American Hop-hornbeam group planting

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American Hop-hornbeam group planting

Post  AJ on Wed Jun 10, 2009 6:18 pm

This large group planting was put together by my two bonsai buddies from South Carolina, John Geanangel and Ken Duncan. They did this as a demonstration during one of the Carolina Bonsai Expo's, some years back, and now it is part of the bonsai collection at the NC Arboretum.



The trees are American Hop-hornbeam (Ostrya virginiana), which Ken and John collected. Hop-hornbeam is another of those plants that work great for bonsai but are seldom used because people are generally unaware of them.

I was recently hiking in the mountains north of Asheville and came across a whole grove of old Hop-hornbeam. It is typically an understory tree, so seeing them in an almost pure stand like this was unusual. They were growing at an altitude of about 5,000 feet, and some were as tall as 25 feet with a diameter of 10 or 12 inches. I think they must be quite old. Here's a picture:



The flower blooming in the understory of Ken and John's group planting is Creeping Bluets (Hedyotis Michauxii). I've never seen Bluets used this way in any other bonsai landscape planting, but it's a great idea. Here's a closer look:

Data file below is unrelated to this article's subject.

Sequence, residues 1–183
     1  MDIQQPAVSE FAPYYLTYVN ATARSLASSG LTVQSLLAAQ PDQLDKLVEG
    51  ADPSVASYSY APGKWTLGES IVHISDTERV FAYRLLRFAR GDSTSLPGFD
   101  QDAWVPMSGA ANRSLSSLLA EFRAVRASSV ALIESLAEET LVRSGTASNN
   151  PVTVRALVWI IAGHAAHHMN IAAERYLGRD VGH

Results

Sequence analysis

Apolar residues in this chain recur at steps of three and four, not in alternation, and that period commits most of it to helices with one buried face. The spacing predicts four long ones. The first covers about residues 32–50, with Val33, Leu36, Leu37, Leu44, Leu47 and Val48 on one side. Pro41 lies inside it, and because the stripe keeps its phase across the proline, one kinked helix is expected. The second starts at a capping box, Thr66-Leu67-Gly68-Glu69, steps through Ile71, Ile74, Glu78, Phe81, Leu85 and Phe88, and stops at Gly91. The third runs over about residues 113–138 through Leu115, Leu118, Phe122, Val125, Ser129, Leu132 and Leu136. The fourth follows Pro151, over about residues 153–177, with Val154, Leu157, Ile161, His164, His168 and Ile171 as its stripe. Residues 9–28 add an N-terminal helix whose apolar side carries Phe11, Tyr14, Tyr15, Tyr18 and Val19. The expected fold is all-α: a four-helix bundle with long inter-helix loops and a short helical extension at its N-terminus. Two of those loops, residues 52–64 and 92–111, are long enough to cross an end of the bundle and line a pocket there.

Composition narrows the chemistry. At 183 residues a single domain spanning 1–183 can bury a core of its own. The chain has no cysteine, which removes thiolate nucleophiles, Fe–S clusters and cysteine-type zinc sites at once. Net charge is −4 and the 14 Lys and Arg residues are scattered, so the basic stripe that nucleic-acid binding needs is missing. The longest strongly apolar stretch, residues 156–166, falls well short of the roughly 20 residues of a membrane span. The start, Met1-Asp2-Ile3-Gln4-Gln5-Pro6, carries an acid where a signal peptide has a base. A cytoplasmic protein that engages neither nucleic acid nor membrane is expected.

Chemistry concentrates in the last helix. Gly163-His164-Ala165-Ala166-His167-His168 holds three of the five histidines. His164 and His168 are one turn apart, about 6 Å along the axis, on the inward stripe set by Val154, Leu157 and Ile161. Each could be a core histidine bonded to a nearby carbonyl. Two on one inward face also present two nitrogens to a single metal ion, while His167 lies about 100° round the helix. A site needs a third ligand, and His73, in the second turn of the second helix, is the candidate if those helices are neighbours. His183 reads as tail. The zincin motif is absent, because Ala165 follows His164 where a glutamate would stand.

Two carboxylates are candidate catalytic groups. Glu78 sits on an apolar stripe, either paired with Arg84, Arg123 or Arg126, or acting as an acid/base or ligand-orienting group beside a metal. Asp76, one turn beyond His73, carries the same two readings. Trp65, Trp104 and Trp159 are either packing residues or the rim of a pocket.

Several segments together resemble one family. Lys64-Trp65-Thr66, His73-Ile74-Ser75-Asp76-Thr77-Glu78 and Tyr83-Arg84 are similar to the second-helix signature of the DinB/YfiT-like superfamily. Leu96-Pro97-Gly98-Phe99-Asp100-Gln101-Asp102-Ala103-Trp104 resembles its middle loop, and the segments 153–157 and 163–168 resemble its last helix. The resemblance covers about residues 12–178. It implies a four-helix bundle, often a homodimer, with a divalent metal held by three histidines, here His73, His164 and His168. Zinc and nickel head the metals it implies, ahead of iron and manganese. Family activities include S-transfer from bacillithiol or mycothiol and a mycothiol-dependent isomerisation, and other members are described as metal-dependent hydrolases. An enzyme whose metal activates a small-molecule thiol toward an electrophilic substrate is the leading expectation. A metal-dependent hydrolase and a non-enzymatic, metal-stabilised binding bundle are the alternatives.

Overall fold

The other plant in the understory, the shrubbery, is a dwarf azalea called 'Rukizon'. I'll post another picture of this piece when the azaleas are in flower, which should be in another week or so.

AJ
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Re: American Hop-hornbeam group planting

Post  Nik Rozman on Wed Jun 10, 2009 8:54 pm

Very interesting. Thanks AJ for sharing. Smile

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Re: American Hop-hornbeam group planting

Post  Russell Coker on Thu Jun 11, 2009 3:41 am

Hi AJ.

That's a pretty forest. Hop hornbeams really are great material and this really shows them off well.

Those bluets are beautiful. We have them here too, but they don't put on a show quite like that.

As for the azalea, it is 'chinzan'. 'Rukizon' isn't a real name. I'm not sure how the name 'rukizon' caught on in American, but no one had heard it in Japan. Actually, rukizon is usually misapplied to the variety 'kazan', or 'kakuba-chinzan', another tight growing and small flowering dwarf satsuki. 'Kazan' has a trianglular (which is where the "kakuba" part comes from), wide leaf with a reddish flower while 'chinzan' has a narrow leaf and a small, deep pink flower like 'osakazuki'.

I hope this is of some use.

Russell Coker
Mobile, Alabama

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Re: American Hop-hornbeam group planting

Post  jgeanangel on Thu Jun 11, 2009 12:35 pm

Thanks for posting an old friend, Arthur. I think that was the second expo when we created that planting...1997 maybe?? What Arthur neglected to mention is that the slab of Pennsylvania field stone this forest is planted on weighed 135lbs before planting. AJ might think we gave this planting to him because of the native material but the truth is neither one of us wanted to deal with the heavy rock Very Happy